Why Do I Keep Getting Urinary Tract Infections?

Your long-awaited family vacation is finally here and tops on the list is a scenic helicopter tour in one of your favorite areas. The only problem is you have suddenly found yourself with a near-constant urge to use the restroom, which promises to be a huge problem. Our bodies provide clues when things just aren’t right, and it’s up to us to pay attention and figure out what they might be communicating.

What Causes UTIs?

That burning sensation you felt while urinating and the mystery pain in your lower abdomen led to the diagnosis of a urinary tract infection (UTI) and if you are a woman it may not have been your first one.

The urinary tract is the body’s drainage system. It removes waste— extra fluid, toxins, and salt that the kidneys filter from the bloodstream in the form of urine. The kidneys connect to the bladder by the ureters which are thin muscle-like tubes. At the bottom of the bladder is the urethra which carries urine from the bladder and out of the body. Urinary tract infections occur when bacteria, usually Uropathogenic Escherichia coli (E. coli), overtake part of the urinary tract. The bacterium typically enters through the urethra and travels up to the bladder. Once the body recognizes the bacterium, the infection is expelled into the urine. It is still a research question as to why mild infections clear up easily with antibiotics and why those who experience severe infections tend to experience chronic infections.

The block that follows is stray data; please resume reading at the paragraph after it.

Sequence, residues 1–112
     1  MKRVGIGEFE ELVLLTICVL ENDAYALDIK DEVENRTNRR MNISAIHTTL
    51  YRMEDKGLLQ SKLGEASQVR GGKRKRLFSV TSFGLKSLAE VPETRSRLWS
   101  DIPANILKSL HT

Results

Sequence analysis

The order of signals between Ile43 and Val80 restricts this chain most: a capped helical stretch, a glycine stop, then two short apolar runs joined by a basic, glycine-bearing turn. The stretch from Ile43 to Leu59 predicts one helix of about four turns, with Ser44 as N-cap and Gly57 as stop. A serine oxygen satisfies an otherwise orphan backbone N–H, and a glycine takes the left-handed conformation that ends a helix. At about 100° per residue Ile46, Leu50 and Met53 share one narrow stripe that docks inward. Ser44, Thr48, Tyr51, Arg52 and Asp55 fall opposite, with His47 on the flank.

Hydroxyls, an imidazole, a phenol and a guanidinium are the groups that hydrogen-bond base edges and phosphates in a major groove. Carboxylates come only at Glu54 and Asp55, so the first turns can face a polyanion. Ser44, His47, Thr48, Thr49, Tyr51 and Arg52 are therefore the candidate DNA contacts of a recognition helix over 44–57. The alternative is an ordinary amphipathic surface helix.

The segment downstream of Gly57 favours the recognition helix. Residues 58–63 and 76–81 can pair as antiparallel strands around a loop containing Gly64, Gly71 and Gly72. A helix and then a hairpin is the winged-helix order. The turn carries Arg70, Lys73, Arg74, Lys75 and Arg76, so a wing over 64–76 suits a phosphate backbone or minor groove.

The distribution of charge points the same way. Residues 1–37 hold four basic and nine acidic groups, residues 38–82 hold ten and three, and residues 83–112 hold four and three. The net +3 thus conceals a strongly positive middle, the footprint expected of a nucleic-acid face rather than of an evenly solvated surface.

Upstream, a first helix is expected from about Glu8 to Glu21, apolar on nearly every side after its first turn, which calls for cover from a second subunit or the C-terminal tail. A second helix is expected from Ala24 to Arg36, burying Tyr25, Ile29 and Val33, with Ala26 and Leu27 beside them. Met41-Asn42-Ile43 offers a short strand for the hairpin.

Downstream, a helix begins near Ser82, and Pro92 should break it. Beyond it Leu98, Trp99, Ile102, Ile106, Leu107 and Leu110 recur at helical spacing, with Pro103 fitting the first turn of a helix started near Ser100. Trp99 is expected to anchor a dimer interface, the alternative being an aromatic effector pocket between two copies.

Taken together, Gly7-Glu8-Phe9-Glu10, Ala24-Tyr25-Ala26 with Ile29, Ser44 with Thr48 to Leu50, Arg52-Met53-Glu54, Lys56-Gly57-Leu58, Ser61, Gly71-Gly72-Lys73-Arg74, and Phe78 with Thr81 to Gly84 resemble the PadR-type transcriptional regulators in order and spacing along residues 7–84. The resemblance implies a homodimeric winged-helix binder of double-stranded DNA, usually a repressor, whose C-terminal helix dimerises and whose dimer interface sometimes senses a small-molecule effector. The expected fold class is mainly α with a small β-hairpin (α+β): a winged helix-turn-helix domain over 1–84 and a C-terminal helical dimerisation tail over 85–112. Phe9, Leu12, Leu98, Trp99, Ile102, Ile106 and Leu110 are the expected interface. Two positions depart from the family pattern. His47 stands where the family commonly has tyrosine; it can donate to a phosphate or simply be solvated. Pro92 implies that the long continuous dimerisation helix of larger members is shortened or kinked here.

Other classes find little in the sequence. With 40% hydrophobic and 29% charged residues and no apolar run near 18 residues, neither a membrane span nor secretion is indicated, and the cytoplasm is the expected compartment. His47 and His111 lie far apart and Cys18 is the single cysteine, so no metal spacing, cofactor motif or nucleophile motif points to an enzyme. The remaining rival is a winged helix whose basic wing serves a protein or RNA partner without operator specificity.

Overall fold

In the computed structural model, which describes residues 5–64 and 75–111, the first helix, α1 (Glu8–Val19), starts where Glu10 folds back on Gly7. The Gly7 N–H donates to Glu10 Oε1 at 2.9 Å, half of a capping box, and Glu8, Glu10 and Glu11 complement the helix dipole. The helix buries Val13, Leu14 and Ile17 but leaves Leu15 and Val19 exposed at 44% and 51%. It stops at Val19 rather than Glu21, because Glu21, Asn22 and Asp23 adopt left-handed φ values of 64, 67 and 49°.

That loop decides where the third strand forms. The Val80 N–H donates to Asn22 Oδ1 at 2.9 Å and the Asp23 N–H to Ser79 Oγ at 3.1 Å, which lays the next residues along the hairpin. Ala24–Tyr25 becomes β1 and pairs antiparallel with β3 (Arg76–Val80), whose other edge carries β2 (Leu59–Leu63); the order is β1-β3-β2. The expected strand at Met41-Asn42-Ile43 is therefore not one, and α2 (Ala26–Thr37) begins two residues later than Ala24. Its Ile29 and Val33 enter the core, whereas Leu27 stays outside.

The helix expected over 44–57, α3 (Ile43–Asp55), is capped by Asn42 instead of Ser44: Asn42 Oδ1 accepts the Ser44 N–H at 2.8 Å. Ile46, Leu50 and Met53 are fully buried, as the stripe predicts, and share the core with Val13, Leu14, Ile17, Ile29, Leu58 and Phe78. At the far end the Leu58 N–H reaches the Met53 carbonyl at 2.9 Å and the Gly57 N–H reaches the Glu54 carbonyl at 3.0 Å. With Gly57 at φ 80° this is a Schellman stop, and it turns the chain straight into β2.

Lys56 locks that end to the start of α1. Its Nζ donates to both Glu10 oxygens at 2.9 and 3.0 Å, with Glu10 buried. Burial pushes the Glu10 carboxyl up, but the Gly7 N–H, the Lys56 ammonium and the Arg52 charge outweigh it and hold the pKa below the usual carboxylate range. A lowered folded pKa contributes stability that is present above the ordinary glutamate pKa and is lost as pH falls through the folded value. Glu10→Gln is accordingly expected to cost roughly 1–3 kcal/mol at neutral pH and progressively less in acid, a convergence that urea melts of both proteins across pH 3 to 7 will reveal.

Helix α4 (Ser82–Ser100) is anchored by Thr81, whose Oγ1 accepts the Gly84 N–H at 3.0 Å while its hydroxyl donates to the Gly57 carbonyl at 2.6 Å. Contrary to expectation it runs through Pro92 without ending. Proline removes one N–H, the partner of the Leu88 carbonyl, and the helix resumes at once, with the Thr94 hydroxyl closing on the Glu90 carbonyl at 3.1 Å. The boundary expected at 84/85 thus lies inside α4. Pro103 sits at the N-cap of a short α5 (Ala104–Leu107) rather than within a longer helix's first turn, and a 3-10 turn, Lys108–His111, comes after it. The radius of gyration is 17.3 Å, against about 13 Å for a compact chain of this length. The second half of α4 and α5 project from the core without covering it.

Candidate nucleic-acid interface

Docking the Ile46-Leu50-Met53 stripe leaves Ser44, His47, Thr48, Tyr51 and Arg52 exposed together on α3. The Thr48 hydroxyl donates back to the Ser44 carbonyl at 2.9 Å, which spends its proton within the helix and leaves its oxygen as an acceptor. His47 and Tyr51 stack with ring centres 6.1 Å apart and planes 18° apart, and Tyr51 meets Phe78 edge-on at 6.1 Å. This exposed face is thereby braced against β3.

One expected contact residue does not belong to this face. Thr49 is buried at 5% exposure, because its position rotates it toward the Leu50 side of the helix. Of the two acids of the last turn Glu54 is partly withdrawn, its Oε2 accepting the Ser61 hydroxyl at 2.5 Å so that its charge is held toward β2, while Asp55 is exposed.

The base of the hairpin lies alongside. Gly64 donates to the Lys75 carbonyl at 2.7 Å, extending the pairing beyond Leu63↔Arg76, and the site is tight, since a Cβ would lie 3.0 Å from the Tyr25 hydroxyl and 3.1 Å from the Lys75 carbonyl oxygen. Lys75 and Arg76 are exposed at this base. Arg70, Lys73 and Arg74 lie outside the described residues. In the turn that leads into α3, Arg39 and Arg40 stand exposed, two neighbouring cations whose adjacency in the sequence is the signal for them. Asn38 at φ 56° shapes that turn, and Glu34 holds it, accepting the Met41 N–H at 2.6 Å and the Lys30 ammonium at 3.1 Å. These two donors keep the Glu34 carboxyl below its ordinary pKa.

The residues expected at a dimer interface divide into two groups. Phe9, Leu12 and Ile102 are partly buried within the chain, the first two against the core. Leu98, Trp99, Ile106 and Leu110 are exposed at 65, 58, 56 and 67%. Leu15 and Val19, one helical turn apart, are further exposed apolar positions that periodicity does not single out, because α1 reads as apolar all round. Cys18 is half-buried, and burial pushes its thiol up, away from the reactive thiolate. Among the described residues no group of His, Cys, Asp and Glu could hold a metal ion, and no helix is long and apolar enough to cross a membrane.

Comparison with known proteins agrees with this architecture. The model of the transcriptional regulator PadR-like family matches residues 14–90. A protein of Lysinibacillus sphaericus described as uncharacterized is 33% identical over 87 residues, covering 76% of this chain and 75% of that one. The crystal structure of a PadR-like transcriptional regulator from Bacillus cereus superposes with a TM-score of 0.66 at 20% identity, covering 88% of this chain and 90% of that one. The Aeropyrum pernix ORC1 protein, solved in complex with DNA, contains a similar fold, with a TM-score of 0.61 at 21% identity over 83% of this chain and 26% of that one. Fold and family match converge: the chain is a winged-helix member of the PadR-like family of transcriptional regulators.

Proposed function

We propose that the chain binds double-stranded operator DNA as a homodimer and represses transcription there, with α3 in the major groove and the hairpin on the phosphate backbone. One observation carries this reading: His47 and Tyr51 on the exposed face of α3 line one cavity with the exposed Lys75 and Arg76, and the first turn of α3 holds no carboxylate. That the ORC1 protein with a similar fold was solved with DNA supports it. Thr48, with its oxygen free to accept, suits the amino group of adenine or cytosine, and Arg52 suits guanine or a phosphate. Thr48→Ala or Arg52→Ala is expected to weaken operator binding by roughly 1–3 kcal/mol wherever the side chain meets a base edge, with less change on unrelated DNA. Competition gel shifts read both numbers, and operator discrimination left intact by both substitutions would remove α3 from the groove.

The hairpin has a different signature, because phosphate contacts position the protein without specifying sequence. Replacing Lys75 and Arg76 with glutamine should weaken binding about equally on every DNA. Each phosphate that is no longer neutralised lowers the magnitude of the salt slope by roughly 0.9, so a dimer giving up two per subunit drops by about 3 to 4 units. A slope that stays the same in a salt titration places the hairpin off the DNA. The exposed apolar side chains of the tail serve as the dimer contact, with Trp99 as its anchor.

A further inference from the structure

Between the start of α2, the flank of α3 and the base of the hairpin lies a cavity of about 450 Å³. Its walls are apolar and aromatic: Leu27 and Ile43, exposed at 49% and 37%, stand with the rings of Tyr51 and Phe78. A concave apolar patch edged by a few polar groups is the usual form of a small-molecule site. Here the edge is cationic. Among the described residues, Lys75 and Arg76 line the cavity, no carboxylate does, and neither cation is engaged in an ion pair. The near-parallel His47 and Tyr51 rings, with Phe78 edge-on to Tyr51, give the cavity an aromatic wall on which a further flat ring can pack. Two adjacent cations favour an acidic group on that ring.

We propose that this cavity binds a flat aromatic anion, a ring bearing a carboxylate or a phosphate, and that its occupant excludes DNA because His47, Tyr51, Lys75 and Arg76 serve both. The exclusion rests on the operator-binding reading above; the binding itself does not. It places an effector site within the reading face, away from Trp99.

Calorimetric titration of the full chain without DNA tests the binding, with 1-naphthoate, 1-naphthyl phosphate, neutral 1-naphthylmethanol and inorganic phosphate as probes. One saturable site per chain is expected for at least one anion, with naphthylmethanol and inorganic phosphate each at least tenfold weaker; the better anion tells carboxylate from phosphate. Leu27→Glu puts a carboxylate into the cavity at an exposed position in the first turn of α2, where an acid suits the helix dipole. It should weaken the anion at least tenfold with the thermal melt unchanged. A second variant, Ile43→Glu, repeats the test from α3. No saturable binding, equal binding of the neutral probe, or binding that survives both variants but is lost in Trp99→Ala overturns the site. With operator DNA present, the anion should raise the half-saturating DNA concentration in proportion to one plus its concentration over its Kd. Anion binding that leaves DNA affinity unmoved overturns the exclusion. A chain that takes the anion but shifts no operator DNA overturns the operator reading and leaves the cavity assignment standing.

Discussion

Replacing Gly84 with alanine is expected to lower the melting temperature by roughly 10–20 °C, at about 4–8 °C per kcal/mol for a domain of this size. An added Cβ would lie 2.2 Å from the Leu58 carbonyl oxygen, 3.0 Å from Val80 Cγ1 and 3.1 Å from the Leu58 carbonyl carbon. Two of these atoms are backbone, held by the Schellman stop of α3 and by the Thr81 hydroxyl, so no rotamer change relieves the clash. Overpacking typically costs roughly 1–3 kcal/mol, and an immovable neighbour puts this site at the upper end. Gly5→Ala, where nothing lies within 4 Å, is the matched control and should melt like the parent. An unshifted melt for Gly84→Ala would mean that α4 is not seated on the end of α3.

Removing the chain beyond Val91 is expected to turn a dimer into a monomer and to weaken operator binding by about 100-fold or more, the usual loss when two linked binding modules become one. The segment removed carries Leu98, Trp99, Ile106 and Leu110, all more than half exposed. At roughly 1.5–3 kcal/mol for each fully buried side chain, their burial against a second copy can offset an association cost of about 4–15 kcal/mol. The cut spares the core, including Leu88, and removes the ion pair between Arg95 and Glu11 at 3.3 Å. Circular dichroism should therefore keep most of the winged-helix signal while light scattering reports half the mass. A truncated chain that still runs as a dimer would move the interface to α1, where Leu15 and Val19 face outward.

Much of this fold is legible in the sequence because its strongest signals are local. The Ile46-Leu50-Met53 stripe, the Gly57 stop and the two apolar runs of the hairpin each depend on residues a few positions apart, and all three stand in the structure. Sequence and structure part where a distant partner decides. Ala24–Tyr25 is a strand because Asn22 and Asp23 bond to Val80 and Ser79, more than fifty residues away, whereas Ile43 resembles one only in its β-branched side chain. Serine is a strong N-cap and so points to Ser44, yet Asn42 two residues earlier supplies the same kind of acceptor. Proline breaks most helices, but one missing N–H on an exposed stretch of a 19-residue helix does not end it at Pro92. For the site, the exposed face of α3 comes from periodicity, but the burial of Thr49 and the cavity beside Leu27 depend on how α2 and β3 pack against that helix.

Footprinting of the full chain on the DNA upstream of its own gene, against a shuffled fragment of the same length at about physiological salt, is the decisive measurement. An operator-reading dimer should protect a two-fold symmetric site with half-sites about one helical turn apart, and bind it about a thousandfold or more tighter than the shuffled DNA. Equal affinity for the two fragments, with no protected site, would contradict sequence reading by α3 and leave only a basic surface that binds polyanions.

An answer to the question may have to do with genetic modifications in cells that occur as the result of an infection and over which a person has no control. Severe UTIs cause a change related to DNA markers in urinary tract cells affecting the reading of the DNA sequence. This change promotes more aggressive reactions with consecutive infections. It is not known if these DNA modifications can revert after a period of non-infection.

Who can get a UTI?

Only 10% of men get UTIs as compared to about 60% of women. Men are less likely to get urinary tract infections because their urethra is longer making it more difficult for bacteria to reach the bladder. UTI risk factors for men include an enlarged prostrate and a history of urinary tract abnormalities. When men get UTIs the infection is more likely to spread to the kidneys and upper urinary tract making UTIs more complex to treat. Anyone can get UTIs from medical procedures such as catheter insertion or cystoscope insertion or due to backflow from the bladder when the bladder gets too full or does not fully empty causing urine to back up into the ureters.